Infrastructure design plays an essential role in keeping people safe on our streets, especially at intersections. As part of Sustain Charlotte’s mission, we are committed to advocating for solutions that will help the city of Charlotte reach its Vision Zero goal of no traffic-related injuries or deaths.
Create intersections that make it easy for cars to identify and steer clear of space reserved for pedestrians and people riding bikes. Partially protected intersections provide minimal treatments, like corner islands that separate bikes from automobiles, preventing vehicles from infringing on the bikeway while also slowing them down when turning. They can be designed to accommodate large vehicles making turns when needed. At the same time, this feature creates a protected queuing area for people on bikes waiting at the signal.
Here’s an example of a partially protected intersection here in Charlotte. The following image is of the corner of Seventh and McDowell streets. The areas highlighted in orange are concrete corner islands and raised islands that provide pedestrians and people riding bikes space and awareness. Additional elements could also be added to make this intersection safer.
(Credit: Apple Maps with editing by Eric Zaverl)
Raised crosswalks and speed humps
Raised crosswalks and speed humps are considered to be vertical speed-control elements. They are needed when the street's speed limit cannot be accomplished through traditional traffic design elements, like medians, narrow lanes, curb extensions, or enforcement of lower speed limits. Most streets with speed limits of 30 mph and under are good contenders for this type of safety element.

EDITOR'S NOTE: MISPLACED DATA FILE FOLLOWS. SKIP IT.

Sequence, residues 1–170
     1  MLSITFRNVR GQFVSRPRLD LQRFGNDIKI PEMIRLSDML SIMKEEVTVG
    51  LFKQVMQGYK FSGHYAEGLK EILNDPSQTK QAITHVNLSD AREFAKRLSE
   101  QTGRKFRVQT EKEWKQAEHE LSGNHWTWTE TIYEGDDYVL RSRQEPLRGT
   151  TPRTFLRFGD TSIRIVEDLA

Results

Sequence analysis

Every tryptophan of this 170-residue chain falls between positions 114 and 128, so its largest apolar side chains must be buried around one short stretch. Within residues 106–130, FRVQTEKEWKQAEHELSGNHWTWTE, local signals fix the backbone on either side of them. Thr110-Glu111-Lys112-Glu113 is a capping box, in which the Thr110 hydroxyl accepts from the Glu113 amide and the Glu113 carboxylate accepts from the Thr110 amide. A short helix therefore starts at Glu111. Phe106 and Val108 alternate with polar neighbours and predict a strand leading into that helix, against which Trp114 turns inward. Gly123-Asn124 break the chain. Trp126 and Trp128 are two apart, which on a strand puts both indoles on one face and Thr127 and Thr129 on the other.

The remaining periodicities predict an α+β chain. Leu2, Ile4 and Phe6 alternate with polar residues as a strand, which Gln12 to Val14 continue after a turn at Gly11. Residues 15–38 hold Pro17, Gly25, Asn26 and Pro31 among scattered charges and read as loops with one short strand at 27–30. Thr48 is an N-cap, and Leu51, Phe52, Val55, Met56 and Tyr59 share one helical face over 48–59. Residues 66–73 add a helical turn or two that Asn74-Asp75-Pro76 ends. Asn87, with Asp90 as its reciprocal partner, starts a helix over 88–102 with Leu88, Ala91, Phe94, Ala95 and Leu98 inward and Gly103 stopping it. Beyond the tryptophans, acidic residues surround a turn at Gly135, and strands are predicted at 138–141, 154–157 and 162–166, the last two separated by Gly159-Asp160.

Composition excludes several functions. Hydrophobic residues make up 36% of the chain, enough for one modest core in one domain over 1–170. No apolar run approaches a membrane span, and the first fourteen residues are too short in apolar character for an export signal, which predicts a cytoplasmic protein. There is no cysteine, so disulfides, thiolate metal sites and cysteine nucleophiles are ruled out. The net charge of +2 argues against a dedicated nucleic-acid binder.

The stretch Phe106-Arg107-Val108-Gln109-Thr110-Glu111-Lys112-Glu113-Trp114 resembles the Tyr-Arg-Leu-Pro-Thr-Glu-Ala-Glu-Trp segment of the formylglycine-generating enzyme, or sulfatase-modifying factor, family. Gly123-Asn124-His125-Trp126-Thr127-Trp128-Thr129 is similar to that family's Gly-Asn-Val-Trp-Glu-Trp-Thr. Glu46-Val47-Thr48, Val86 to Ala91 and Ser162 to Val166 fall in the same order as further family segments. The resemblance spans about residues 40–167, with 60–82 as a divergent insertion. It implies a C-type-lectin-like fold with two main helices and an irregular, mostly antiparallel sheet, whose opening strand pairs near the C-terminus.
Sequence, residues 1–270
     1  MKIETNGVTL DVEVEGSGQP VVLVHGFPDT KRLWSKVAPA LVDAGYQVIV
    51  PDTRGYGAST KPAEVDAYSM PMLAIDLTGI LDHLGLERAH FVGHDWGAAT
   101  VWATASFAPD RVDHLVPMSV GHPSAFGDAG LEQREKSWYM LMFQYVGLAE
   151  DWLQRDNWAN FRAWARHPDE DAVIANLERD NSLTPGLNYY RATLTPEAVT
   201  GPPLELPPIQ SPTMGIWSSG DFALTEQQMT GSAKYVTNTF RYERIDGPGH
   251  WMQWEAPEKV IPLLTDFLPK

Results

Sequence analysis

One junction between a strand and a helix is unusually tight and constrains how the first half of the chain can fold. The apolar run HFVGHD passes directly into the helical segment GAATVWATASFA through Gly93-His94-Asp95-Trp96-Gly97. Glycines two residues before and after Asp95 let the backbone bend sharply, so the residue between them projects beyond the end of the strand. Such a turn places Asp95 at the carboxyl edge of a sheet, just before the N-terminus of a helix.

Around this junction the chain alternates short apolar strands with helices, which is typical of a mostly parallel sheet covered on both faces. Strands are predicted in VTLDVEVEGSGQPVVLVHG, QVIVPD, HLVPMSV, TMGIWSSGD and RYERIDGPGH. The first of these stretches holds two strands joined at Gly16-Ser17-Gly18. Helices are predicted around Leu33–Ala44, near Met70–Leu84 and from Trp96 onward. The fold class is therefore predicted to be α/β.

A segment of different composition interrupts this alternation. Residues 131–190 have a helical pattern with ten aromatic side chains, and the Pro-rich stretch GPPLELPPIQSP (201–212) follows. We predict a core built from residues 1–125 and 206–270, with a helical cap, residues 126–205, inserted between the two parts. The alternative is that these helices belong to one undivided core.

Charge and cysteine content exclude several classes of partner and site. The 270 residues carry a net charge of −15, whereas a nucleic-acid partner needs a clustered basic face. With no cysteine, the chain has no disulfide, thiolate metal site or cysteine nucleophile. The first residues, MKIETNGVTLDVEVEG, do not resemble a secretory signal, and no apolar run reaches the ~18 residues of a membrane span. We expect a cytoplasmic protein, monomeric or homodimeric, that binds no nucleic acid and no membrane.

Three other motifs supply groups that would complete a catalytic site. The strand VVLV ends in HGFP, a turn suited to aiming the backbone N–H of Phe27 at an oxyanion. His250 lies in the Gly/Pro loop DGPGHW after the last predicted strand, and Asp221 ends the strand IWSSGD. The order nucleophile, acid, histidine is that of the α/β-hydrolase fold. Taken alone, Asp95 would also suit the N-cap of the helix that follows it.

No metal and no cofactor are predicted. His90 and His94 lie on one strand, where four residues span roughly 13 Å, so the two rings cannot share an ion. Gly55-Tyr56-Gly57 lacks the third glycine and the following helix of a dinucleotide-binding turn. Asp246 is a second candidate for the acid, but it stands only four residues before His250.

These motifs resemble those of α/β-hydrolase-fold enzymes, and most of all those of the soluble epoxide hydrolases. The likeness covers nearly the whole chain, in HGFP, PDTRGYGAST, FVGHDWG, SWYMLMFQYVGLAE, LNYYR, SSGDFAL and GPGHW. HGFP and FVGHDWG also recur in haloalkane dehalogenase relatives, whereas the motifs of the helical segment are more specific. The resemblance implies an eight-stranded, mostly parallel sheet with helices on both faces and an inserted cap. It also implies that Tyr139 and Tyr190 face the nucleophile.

A raised crosswalk is seen along Tryon Street in uptown Charlotte. (Credit: Eric Zaverl)
Raised intersections help create safer, slower car-speed crossings while extending public space for people walking and riding bikes at non-major intersections. Broadly, they reinforce slow speeds and encourage drivers to yield to pedestrians at the crosswalk.
(Credit: National Association of City Transportation Officials' Urban Street Design Guide)
Curb extensions physically narrow the drive lanes, creating a safer and shorter pedestrian crossing while expanding the space for vertical elements like street benches, plantings, and trees. When these items are added, they make these crossings even safer. They can and should be implemented on most of our streets.
1: A curb extension should generally be I-2 feet narrower than the parking lane, except where the parking; 2: Combine stormwater management features, such as bioswales or rain gardens, with curb extensions to absorb rainwater and reduce the impervious surface area of a street. (Credit: National Association of City Transportation Officials. Urban Street Design Guide)
Reduce, redesign, and simplify
Other safety elements could include reducing excess asphalt at intersections dedicated to cars by transforming them into public plazas. This could mean shrinking vehicular travel lanes from 12 feet or more to 10 feet in width.
Complicated intersections could be redesigned to restrict vehicle turns at odd non-right-angled corners, streamlining pedestrian crossings and allocating space for safer bicycle crossing.
Finally, we could simplify road design to reduce the number of driveways to properties with multiple entry points by retrofitting them with cross-access throughout the block.
We must design better
Pedestrians and cyclists account for less than 3% of Charlotte's street users, but account for almost 30% of traffic fatalities. We are encouraged by Vision Zero’s holistic approach to identifying and implementing solutions, but we must increase the rate of investment in infrastructure and enforcement to stem the rising tide of serious traffic injuries and fatalities. Safer street design to encourage safer behavior is a great place to start.
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